I observed a microagression display this week during one meeting by the same person. This assignment was not as simple as I thought because I wanted be as objective as possible and give people the benefit of the doubt without jumping to conclusions or reading more into a comment or behavior than what ought to be.

Prior to our weekly meeting we were just sitting around talking and joking, taking a brain break in a sense. One of the Black teachers described an incident with a parent who had gotten upset and became rude and short in her speech. A comment was made from a White teacher that stated, “Yeah, they always get upset.” We all got quiet and went on speaking about something else. Now during this same meeting, the same teacher jokingly called another colleague a blonde based on the questions she was asking. I looked around the room and all the White teachers were blondes. I saw them put their heads down in embarrassment and one teacher did speak up, that teacher responded with an apology.

I do not think this was intentionally done. I think the first was  display of racial micro- aggression and the other was another form of classifying someone in a group and degrading them because of, in this case, their hair color.

Although I felt that there was very little discrimination going on daily, I did not realize how often microaggressions are happening. I observed and took notes during our meeting which lasted three hours and found two outright cases…what would happen if I observed for a whole day?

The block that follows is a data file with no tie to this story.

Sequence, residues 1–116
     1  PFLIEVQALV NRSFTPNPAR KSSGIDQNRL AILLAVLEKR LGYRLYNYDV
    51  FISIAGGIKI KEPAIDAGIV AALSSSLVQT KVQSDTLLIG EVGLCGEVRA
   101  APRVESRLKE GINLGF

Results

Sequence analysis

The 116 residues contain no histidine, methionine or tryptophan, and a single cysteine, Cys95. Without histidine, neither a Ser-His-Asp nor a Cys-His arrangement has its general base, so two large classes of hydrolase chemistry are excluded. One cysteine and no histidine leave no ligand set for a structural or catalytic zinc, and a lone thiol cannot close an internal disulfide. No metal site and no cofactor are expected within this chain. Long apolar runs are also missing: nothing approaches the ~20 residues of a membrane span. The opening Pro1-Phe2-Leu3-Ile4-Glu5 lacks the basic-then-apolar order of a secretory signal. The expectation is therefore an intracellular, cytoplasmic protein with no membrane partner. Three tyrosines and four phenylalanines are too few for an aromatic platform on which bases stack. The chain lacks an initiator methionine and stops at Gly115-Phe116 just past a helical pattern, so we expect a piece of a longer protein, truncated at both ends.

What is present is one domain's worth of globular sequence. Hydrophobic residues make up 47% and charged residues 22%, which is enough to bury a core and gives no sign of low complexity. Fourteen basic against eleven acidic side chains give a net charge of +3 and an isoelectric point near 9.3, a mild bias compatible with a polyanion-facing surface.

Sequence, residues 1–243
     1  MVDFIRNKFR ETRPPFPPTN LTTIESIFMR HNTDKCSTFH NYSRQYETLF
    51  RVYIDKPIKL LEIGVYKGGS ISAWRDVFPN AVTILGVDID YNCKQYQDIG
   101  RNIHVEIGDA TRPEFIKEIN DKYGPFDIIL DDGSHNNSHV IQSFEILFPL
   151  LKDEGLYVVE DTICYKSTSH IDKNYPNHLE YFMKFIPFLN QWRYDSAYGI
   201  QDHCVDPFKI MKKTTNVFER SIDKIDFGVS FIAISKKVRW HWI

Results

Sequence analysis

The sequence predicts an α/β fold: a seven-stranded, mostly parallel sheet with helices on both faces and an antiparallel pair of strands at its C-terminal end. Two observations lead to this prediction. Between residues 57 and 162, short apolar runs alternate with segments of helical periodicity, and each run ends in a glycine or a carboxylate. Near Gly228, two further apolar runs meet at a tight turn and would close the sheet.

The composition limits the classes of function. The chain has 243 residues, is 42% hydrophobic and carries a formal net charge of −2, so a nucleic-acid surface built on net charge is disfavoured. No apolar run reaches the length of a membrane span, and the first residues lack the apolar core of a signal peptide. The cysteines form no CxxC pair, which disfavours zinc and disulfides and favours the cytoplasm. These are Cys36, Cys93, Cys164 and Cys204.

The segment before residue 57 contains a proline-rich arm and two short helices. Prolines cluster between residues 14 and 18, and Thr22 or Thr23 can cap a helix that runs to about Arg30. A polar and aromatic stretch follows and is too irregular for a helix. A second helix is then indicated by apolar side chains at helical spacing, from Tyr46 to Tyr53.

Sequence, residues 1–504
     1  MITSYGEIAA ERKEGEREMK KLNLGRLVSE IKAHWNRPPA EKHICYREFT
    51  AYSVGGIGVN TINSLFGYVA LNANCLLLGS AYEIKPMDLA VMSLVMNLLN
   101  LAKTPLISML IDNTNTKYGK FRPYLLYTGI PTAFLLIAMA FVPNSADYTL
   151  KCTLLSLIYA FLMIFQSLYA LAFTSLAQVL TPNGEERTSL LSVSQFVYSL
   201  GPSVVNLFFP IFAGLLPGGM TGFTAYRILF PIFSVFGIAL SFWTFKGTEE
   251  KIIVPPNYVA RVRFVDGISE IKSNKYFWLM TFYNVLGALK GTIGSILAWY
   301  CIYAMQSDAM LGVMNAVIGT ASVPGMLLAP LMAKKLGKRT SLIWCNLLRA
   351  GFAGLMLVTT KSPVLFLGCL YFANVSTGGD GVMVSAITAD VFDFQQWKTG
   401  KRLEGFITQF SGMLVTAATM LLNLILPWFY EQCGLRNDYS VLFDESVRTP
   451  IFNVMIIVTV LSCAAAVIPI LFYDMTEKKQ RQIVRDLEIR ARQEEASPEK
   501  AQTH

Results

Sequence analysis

One response »

  1. Patricia,
    Blonde jokes are microaggression statements and I would agree that they may not be intentionally hurtful but they could be. We also often hear teachers say things about parents just as you did. Times like that always make me uncomfortable and I never know what to say. That usually means I say nothing at all rather than speaking up. I can understand why you wanted to give the benefit of a doubt and it probably wasn’t intended to be hurtful. That’s one of the things we learned that they can be unintentional statements.

Leave a Reply

Fill in your details below or click an icon to log in:

WordPress.com Logo

You are commenting using your WordPress.com account. Log Out /  Change )

Google+ photo

You are commenting using your Google+ account. Log Out /  Change )

Twitter picture

You are commenting using your Twitter account. Log Out /  Change )

Facebook photo

You are commenting using your Facebook account. Log Out /  Change )

Connecting to %s